Older Folks Speak Out

ANCE: During the weekend celebrations at the old football field, a fine band was playing on and on and nobody would dance. A friend of mine commented and wondered why the young people of today waste such fine music and prefer to sit around or hang by the bar or simply do nothing. Another friend remarked that today there is a lot of dancing every week, so much that it is not a special occurrence. However, in days gone by, say in the sixties, there were three or four dances held for the year with a fine band so that it was very special. Nobody would miss them for anything in the world.

And then an older folk commented on the 'Mestizada" dancing of the 1930's. A certain gentleman called "El Arno de la Hacienda" (The Master of the Estate) would go from house to house inviting and selecting the ladies that would dance the "Mestizada," A musical group, which was part of the musical band, would play at the street corners while the "Arno" gave the ladies a small glass of wine and that symbolized acceptance to be a part of the Mestizada.

On June 28, for the dance, they would play ''La Alborada" plus a "zapateado" (dance) and then other popular selections. During the "zapateado," it was customary to get hold of the gentlemen's hats which would be thrown on the ground and all danced around it. To get back his hat, the owner had to pay a fee. Now on the 29", St. Peter's Day or Dia de San Pedro, it would be entirely "Mestizada "dancing. The ladies would dress like Mestizos with their white flowery "ternos" (dresses) and the dance went on from. 7 p.m. until the rising of the sun. It used to be the custom that as long as there were dancing couples on the dance floor, even if it was only one, the band would not stop playing. Mr. Jex Forman (Allan Forman's dad), who could not speak very good Spanish, used to say: "Hasta que raisa el Sol" meaning, "dance until sunrise."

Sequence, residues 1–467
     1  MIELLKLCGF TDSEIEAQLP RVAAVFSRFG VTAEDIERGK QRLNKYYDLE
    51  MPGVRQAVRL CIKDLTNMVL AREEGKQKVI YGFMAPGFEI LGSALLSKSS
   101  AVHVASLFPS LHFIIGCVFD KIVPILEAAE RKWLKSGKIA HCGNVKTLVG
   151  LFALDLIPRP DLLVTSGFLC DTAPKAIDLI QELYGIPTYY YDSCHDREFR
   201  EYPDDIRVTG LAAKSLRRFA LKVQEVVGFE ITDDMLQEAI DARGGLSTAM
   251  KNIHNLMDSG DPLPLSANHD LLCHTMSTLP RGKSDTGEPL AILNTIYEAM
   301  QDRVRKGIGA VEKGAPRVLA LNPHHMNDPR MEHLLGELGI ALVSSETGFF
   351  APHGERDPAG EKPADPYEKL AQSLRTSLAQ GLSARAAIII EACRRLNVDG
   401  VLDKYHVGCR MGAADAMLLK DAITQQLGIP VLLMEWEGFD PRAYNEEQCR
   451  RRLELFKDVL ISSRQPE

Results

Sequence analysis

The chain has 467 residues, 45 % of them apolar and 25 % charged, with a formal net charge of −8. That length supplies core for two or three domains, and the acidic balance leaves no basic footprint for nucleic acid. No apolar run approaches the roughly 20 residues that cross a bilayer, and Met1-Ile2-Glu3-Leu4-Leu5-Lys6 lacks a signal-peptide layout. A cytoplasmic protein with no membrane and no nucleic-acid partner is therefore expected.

Other dances that were enjoyed in the 1930's were Mazurca, Showtish, Dos Pasos, Cuadrilla, Cuatro Pasos, Danzon, Corridos, Vals or Waltz, Boleros, Zapateado, and Jaranas.

DECORATIONS: Though there were no colored lights (not even lights), the village was well decorated for the feast day of St. Peter. Arches would be made with coconut palms and placed along the main streets ( 2 of them) where the procession would pass along. Also all the villagers were asked to decorate their homes with coconut palms or small palm trees like the Royal Palm or Palmetto plants. All of this added a special touch of greenery to the entire village and it could be sensed that the entire village was in a festive mood.

The fishermen would also decorate their boats with colored flags which were tied unto a string and arranged all the way to the mast. For several days the boats displayed this festive mood and people arriving from other parts of Belize for the "Mestizadas "would get into the festive mood as soon as the decorated boats met the eye. This practice of decorating boats with flags was extended all the way into the 1950's when a fleet of boats would sail out to greet and welcome the Bishop who would come occasionally for the sacrament of confirmation.

All in all, older folks today believe that their celebrations in years gone by were indeed fantastic. When they recollect the past, they recall the preparations, the dresses, the music, the dance hall full of people, the special dances with special gentlemen, and the special way ladies were treated. To hold a lady's hand, you had to place a handkerchief in your hands. They remember the first song at 7 p.m. to the last one at 7 a.m. Those were real balls according to them. It was not about the number of people in attendance, but rather the number of people having fun.

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